We study the dynamics of a major design choice in the governance of ventures: whether to distribute power at the top of the venture between a separate CEO and board chair. We propose that ventures are more likely to combine (separate) their CEO and chair positions when operational performance is poor (strong), demonstrating behavior in line with the threat rigidity thesis. Paradoxically, however, ventures would most benefit from a separate CEO and board chair when operational performance is poor. Empirical analysis of data from the Australian mining industry offers general support for our theory, with some interesting nuances. We discuss the implications of our findings for emerging conversations in the literatures on venture boards, boards of directors, and entrepreneurship.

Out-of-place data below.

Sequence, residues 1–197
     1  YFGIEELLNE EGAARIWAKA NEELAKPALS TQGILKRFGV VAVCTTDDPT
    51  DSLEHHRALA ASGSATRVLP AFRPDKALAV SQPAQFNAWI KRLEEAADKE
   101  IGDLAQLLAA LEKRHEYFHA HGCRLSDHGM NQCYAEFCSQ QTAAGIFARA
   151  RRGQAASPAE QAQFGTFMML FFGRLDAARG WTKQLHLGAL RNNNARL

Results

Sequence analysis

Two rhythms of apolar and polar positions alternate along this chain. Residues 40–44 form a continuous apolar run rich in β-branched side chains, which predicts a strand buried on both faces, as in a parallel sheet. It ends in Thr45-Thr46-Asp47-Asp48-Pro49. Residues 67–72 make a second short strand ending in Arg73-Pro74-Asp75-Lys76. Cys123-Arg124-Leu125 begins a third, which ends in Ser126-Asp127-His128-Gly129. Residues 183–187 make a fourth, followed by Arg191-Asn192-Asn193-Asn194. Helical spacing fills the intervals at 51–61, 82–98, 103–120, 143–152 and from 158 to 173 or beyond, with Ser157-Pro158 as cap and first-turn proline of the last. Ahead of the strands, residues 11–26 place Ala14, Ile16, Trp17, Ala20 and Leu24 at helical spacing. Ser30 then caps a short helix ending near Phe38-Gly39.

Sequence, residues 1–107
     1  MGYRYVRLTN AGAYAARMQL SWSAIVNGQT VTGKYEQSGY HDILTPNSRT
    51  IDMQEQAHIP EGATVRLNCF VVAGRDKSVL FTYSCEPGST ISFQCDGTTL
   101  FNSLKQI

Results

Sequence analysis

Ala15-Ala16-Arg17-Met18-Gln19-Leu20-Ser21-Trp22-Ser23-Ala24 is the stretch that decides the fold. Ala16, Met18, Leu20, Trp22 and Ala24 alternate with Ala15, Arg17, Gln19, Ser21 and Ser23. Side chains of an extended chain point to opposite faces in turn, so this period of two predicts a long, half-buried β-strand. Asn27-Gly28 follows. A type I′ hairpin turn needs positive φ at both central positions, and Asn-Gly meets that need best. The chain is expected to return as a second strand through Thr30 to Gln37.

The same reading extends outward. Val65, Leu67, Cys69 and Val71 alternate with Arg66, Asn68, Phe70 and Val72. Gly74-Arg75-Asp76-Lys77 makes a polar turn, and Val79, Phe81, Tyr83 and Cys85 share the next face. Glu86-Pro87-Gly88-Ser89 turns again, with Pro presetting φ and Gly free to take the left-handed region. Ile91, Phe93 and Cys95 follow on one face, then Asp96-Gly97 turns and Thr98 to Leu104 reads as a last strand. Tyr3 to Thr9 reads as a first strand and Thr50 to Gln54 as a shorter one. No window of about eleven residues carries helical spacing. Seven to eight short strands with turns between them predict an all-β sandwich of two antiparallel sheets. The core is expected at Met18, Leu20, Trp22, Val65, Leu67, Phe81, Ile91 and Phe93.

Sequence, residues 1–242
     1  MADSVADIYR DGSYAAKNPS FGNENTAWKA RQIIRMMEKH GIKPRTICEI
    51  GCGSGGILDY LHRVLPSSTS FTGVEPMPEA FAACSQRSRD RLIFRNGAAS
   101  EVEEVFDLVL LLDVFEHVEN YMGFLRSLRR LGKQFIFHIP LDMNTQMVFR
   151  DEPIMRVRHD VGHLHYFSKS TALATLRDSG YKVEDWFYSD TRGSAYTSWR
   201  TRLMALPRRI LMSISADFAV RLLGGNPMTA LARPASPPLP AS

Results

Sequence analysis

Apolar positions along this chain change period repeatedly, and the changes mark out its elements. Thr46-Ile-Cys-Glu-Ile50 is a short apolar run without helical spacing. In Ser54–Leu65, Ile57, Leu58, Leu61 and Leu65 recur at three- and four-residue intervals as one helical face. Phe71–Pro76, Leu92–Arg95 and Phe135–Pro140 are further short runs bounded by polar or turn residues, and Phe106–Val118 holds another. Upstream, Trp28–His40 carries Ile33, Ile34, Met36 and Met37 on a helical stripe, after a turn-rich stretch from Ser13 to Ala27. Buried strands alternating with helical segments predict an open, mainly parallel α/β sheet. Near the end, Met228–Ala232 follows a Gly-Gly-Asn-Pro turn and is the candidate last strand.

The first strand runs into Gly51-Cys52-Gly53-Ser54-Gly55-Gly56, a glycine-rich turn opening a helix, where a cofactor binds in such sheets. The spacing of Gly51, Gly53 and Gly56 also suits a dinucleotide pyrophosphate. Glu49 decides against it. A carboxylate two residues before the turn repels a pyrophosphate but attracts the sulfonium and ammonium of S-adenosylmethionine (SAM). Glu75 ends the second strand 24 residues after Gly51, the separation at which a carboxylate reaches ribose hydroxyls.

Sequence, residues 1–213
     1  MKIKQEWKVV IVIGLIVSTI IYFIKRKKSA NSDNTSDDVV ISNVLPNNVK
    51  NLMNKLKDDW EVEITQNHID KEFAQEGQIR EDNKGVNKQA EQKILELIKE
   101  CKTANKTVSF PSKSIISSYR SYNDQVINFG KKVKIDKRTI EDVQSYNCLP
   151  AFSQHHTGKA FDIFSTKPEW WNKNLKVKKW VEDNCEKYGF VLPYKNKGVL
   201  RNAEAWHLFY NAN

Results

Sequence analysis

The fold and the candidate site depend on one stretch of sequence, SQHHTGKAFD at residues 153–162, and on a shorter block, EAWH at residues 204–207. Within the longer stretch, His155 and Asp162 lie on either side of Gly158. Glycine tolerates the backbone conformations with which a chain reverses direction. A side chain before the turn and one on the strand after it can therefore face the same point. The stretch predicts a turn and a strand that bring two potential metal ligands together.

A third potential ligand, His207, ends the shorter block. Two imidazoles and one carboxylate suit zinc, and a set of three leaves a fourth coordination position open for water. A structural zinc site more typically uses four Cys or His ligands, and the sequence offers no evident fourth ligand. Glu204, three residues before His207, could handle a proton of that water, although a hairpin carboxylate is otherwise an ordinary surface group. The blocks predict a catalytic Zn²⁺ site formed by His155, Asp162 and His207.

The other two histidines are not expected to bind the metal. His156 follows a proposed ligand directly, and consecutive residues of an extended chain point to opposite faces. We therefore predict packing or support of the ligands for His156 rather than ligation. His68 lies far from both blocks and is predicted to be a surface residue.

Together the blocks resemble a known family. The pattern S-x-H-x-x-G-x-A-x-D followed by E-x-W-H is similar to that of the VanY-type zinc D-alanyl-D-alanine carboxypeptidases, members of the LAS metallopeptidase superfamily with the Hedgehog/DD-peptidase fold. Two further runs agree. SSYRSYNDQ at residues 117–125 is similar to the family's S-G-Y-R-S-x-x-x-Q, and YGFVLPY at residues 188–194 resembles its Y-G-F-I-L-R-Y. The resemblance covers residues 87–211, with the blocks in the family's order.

- board structure
- CEO duality